Key Resources for Small Cell Lung Cancer Patients and Families from Patient Empowerment Network on Vimeo.
What’s important for small cell lung cancer patients from underrepresented communities to know? Dr. Rafael Santana-Davila with the University of Washington School of Medicine shares advice for patient resources, his perspective about lung cancer stigma, and ways to mitigate issues with stigma.
“…make sure that you ask your doctor, ‘Well, what about palliative care? What about social worker?’ or ‘I’m having trouble with this or that. Who can help me with this?’”
See More from [ACT]IVATED Small Cell Lung Cancer (SCLC)
What key resources and support services do you typically recommend or provide to SCLC patients, particularly from underrepresented communities following their diagnosis?
That is a good question that I don’t know the right answer to. So part of the resources that we share with the patient is a visit with a social worker, a visit with a nutritionist, a visit with our colleagues in palliative care, that they’re all part of treatment of the patient with cancer that is available both for patients of underrepresented communities or other patients.
So that is the activation tip for that is make sure that you ask your doctor, “Well, what about palliative care? What about social worker?” or “I’m having trouble with this or that. Who can help me with this?” And like we said before is a patient empowerment is…a patient that is empowered is a patient that asks all those questions and receives more help. There’s a lot of help that is out there and the key is to connect those individuals.
What is your advice for a patient living with small cell lung cancer in rural areas who might not have access to state-of-the-art cancer care?
Yes. So first of all, although people living in rural areas do not have access to major cancer centers…or let me rephrase that. They do not live in major cancer centers. Thanks to technology, they do have access. How? With telehealth. A lot of things that I do, which is medications, they don’t really have to see me for treatment. I can give advice on the treatment that can be instituted anywhere. So patients that live, again, in Eastern Washington, which is a rural part of the state, can see me through telehealth, and I can help them and their physicians who are not sub-specialists to direct their care.
And again, it’s important to know that it’s not that we’re smarter than the general community oncologists. We’re not. We just have more experience in this disease. We’ve seen a lot of things that happen, so we are able to recognize things when they happen and just have access to more clinical trials. So the activation tip for that question is make sure that…we said that before, that you seek a second opinion.
And that may not involve travel for many hours. That may be as simple as a telehealth appointment with a major cancer center of such state to know what is available. And also know that many clinical trials can now actually pay for lodging and pay for transportation to those centers. So although it’s going to be trickier for them to receive them, living in a rural area does not mean that you’re not eligible for that.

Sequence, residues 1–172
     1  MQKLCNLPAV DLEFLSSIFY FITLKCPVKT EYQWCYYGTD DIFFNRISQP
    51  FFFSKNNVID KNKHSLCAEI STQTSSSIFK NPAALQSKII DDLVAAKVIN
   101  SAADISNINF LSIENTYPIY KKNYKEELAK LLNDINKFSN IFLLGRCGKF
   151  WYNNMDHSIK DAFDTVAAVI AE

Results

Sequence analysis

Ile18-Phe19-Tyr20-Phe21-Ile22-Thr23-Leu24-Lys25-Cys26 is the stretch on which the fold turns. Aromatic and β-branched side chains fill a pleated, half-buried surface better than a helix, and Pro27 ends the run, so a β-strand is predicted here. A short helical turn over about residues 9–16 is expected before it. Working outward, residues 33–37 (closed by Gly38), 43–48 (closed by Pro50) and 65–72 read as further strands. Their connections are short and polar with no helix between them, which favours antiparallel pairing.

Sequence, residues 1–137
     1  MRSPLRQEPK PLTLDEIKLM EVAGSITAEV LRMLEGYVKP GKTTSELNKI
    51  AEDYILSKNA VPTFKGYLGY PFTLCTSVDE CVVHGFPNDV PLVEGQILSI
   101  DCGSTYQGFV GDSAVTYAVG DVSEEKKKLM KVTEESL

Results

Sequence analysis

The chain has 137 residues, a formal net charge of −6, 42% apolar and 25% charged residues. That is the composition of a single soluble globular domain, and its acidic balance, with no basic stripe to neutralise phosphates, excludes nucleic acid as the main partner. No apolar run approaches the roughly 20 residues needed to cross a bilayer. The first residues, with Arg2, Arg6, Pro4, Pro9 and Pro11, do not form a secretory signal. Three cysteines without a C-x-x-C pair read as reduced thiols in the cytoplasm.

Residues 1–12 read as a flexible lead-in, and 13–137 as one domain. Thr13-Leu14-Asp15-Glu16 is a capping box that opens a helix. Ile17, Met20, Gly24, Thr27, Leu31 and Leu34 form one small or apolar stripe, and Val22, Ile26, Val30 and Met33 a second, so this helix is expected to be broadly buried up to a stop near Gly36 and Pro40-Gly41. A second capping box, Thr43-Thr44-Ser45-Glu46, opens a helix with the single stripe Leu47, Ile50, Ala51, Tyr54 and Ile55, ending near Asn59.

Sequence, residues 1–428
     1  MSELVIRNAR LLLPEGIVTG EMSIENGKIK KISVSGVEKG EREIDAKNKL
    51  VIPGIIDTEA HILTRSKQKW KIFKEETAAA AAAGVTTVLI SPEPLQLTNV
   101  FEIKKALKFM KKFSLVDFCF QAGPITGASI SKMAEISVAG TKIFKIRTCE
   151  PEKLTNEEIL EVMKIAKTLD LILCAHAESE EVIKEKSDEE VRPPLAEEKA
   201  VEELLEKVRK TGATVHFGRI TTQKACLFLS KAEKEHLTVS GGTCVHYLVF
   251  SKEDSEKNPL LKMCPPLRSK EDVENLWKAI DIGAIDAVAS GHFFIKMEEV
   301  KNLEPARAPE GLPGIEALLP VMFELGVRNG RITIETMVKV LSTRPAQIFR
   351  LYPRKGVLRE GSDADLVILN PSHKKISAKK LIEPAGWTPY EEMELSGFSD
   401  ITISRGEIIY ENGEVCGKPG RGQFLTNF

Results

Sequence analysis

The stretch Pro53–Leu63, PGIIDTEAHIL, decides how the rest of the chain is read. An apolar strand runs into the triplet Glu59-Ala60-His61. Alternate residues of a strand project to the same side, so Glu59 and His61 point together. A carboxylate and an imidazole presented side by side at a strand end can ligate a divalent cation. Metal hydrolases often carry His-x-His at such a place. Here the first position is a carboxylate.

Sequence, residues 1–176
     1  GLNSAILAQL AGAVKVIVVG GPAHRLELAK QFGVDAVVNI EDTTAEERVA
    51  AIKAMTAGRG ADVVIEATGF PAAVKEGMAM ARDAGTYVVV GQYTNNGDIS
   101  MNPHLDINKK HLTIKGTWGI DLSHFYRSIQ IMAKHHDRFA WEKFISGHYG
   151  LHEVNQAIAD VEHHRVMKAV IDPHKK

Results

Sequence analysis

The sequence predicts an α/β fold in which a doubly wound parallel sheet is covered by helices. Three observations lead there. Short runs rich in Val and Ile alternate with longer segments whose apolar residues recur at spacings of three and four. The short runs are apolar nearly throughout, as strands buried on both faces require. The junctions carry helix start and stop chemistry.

Have you encountered any misconceptions or stigmas related to small cell lung cancer within underrepresented communities? And how do you address or mitigate these issues with your patients?
There is a lot of stigma in this disease. We know that in the great majority of patients with small cell lung cancer and lung cancer in general, there is a smoking component to it. So patients feel that this is something that they brought upon themselves sometimes and there’s a lot of stigma associated with it. And that is not true. Yes, this is a smoking-related condition, but smoking is an addiction. Patients do not smoke because they want to. They smoke because they get addicted to it.
Everybody that I’ve met who’s a smoker at some point has wanted to quit and they cannot quit, not because they don’t have the willpower, or not because they’re weak, it’s because they can’t. This is an addiction. And it’s actually cancer, both small cell and lung cancer happens in the minority of smokers. So it’s important to know that this is…yes, quitting smoking could have prevented this cancer, but quitting smoking is nothing that is easy. And even if they quit smoking, this could have come.
So it’s important to patients to know that this is not…they should not blame themselves. This is both for underrepresented minorities and the patients at large. Don’t blame yourself for this. This is nothing that you could have prevented. And this is not your fault that this happened to you.” The activation tip for this is there’s a lot of what patients need to talk about, a lot of things, and these are hard conversations that you need to have. They’re not comfortable many times, but you need to open up. You need to have these conversations with your family, and you need to really say what’s in your heart. So that would be my activation tip.
Share Your Feedback:
Create your own user feedback survey